"The idea is to understand what is causing autism, so we can change the course of autism spectrum disorder," she said.
As some people with these genetic links did not display autism in the study, further research may examine how the environment or circumstance is working with the genes to increase or reduce risk of the disorder.
Bilder said researchers are not after a cure for autism spectrum disorder, as many people with autism display unique strengths and abilities that are embraced by the individuals and their families.
"We'd like to be able to prevent the degree to which autism causes severe impairment," she said. "Change the core features of autism that get in the way of a child's or an adult's ability to function, to communicate, to interact with others. That's what we'd ultimately like to change.
"I just want our community of providers, patients and families to have answers," Bilder added.
Nationally, autism occurs in 1 in 68 children, but it is more prevalent in Utah, with 1 in 54 children affected, according to 2010 data, the latest information available from the United States Centers for Disease Control and Prevention.
Utah families volunteered blood samples and endured lengthy interviews to provide information to the consortium, originally funded by the Beatrice and Samuel A. Seaver Foundation and the Seaver Autism Center within the Icahn School of Medicine at Mount Sinai in New York City. The study was made possible by grants from the National Institute of Mental Health and the National Human Genome Research Institute.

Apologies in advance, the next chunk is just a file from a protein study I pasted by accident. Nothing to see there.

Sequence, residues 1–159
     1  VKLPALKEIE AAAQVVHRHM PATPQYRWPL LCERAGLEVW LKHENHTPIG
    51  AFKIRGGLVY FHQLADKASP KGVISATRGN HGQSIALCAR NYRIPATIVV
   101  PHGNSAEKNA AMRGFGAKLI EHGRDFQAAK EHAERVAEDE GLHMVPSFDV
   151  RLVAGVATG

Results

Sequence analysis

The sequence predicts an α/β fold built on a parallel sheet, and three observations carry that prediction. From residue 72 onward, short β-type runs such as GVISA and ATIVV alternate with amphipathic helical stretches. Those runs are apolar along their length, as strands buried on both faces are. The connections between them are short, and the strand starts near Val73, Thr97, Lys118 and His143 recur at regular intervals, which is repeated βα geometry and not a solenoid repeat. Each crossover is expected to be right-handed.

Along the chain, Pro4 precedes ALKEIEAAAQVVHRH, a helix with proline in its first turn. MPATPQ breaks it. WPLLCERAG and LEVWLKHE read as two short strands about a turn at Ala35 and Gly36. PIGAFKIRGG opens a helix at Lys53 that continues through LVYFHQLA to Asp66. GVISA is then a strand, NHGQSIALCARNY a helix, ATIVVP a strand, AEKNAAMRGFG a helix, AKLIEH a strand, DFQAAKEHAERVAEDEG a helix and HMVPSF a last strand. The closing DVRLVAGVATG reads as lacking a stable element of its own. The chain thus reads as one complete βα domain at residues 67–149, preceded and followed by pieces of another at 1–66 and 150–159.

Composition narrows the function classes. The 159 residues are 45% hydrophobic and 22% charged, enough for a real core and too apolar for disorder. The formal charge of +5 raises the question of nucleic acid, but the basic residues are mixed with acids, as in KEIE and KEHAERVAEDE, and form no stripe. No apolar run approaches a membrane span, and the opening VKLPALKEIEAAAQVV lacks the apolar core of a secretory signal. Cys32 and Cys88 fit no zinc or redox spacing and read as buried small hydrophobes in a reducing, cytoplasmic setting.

Support from "large and extended Utah families" is a unique addition to the overall project, according to the U.'s principal investigator, Hilary Coon.
"The opportunity to study very large sample resources with detailed genetic sequence data allows us to begin to understand how multiple genetic changes may work together in complex ways in the brain to cause autism," Coon said.
While changes in diagnosing and treating autism resulting from the study may be years down the road, the findings point to greater understanding, which is welcome at any stage, said Bill Exeter.
"It is exciting that autism is getting that much attention," he said. "It is a prevalent problem, and it only seems to be steamrolling."
The findings, Bill Exeter said, "are encouraging for parents like us that deal with it on a daily basis."
For now, though, Sam Exeter will continue the numerous doctor appointments and tests that often provide inconclusive results.
"Having a child with autism is routinely unpredictable," Bill Exeter said. "We've often been asked if we could make him normal or neurotypical, would we do it, and I struggle with that because there is so much about him that is unique and special about his personality and the way he is, and there are things that are difficult about it as well. It would take away so much of what he is."
The couple agreed, however, that it would be nice to be able to understand more about their son.
Contributing: Mike Anderson